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Music & Brain

“Just like the brain is capable of recognizing a sound, like a mom's voice, a child's voice, it's capable of recognizing its own brain wave pattern, which is expressed in sounds,” says Dr. Mindlin.

Study shows that learning music at a young age helps brain development in children. If you started piano lessons in grade one, or played the recorder in kindergarten, thank your parents and teachers, as researchers have claimed that music lessons before age seven has a significant effect on the development of the brain.

The role of music in therapy has gone through some dramatic shifts in the past 15 years, driven by new insights from research into music and brain function. These shifts have not been reflected in public awareness, though, or even among some professionals and even the field of education.

Biomedical researchers have found that music is a highly structured auditory language involving complex perception, cognition, and motor control in the brain, and thus it can effectively be used to retrain and re-educate the injured brain. Therapists and physicians use music now in rehabilitation in ways that are not only backed up by clinical research findings but also supported by an understanding of some of the mechanisms of music and brain function.

Making music is a powerful way of engaging multisensory and motor networks, inducing changes within these networks and linking together distant brain regions. These multimodal effects of music making together with music’s ability to tap into the emotion and reward system in the brain can be used to facilitate therapy and rehabilitation of neurological disorders. In this article, we review short- and long-term effects of listening to music and making music on functional networks and structural components of the brain. The specific influence of music on the developing brain is emphasized and possible transfer effects on emotional and cognitive processes are discussed. Furthermore, we present data on the potential of music making to support and facilitate neurorehabilitation. We focus on interventions such as melodic intonation therapy and music-supported motor rehabilitation to showcase the effects of neurologic music therapies.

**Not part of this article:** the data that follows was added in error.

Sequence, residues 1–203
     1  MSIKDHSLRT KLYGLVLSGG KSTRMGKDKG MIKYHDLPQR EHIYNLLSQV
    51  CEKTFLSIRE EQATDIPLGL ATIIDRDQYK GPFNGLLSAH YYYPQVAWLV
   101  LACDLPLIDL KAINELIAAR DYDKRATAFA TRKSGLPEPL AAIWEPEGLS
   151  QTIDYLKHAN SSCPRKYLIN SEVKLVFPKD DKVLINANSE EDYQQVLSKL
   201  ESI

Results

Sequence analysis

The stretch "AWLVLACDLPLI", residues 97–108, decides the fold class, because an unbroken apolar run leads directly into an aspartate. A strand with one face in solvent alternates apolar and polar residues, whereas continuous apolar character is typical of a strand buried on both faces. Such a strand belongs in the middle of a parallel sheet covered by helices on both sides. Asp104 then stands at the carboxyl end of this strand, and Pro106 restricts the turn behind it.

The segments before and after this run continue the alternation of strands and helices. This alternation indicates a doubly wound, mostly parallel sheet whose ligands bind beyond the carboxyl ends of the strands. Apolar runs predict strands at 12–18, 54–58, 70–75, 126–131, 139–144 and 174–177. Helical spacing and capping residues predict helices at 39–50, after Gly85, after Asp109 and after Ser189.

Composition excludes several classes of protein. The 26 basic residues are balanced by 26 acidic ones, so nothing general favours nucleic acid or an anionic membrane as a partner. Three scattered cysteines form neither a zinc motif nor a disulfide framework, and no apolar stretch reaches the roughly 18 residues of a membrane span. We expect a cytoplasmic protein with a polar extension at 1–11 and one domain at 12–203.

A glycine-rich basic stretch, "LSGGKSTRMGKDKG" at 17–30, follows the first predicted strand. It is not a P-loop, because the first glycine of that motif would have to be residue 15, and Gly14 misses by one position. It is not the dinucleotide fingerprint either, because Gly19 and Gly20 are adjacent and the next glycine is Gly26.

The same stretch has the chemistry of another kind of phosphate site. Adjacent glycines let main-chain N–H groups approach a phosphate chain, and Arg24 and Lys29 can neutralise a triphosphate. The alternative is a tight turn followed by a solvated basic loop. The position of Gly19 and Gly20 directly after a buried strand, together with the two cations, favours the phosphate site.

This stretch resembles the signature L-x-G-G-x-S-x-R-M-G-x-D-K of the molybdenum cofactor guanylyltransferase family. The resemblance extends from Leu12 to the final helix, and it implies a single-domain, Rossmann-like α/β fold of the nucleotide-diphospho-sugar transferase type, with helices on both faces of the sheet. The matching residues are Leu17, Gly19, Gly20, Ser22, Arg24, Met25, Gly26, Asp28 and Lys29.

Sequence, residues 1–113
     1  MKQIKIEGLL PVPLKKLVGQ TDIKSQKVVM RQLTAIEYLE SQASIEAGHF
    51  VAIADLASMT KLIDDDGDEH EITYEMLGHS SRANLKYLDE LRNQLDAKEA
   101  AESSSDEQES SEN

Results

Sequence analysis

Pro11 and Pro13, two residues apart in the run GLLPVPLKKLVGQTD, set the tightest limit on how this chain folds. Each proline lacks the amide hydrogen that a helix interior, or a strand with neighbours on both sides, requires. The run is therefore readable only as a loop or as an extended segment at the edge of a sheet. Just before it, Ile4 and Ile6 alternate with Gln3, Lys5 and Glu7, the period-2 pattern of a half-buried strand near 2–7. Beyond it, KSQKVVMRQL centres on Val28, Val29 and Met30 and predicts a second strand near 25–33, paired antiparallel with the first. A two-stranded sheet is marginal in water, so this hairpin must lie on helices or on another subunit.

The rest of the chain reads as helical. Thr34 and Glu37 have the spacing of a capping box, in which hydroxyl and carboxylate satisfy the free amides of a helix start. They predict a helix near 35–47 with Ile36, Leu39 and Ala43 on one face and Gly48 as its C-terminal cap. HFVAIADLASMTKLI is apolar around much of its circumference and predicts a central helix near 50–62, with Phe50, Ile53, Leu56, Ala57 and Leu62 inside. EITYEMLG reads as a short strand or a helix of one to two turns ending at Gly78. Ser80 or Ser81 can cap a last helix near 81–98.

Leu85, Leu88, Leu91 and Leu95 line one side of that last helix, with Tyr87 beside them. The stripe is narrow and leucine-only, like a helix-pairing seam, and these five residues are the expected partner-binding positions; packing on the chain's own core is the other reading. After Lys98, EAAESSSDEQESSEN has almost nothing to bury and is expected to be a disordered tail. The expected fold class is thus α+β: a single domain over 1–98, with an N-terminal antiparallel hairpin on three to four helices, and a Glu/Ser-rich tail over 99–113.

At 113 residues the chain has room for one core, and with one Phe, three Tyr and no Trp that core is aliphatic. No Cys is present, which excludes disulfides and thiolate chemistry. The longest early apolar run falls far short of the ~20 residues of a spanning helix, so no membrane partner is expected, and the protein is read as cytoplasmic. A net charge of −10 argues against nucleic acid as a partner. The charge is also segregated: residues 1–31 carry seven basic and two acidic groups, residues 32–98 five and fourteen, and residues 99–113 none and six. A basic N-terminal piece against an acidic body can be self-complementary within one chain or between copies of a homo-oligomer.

Humans are “wired” for music. Until recently, scientists did not know how music affected the brain. The advancement in technology allows scientists to actually “see” brain activity via PET scans and MRI imaging scanning the blood flow in the brain.

Our brains are “wired” with neural pathways. Most activities only cause a portion of the brain to “light up” with activity; thus, the saying, right brain/left brain, etc. But there are actually four parts to the brain and music makes ALL of the areas “light up” and creates new neural pathways as a person is listening and playing an instrument.

Those neural pathways remain intact and can be used for other things besides music. Norman Doidge, in his book, The Brain That Changes Itself, shares case after case of people forcing their brain to change and adapt either voluntarily with discipline, or involuntarily due to odd incidences. Studies confirm that our brain has plasticity. “You can’t teach an old dog new tricks” is proven to be a case of “can’t want to,” rather than too old to change.

Daniel Levitin passionately explores the connection between music and the brain in his book This is Your Brain on Music. Google his name, watch video clips on YouTube, or go to his website. It’s an exciting time of discovering how little we know and how much there is to learn. There is definitely enough evidence to recognize it is not in a music teacher’s imagination.

Music has a huge impact on activity in the brain. You can physically/visually see the growth and changes that happen inside the brain. The possibilities are endless. The implications for music therapy and music education are profound.

Just check out PBS video “The Music Instinct.” Neurologist and author, Oliver Sacks relates a true story from his book, Musicophilia. But even if you are still skeptical about music making kids smarter, let’s look at the other benefits. Socially, music is an ageless hobby creating interaction with great people. There are many benefits of being involved in making music, but the neural pathways drives home the point and gets our attention.

• November 4, 2010 by Bill Jenkins, Ph.D Educators, researchers and education policy-makers have long discussed the benefits of structured music education. In today's environment of shrinking district resources, the arts are often early arrivals to the budgetary chopping block. Certainly, math, science, language arts and social studies are essential subjects, but we must also understand exactly what is lost when we cut arts programs. When we let go music education, we let rest layers upon layers of essential learning.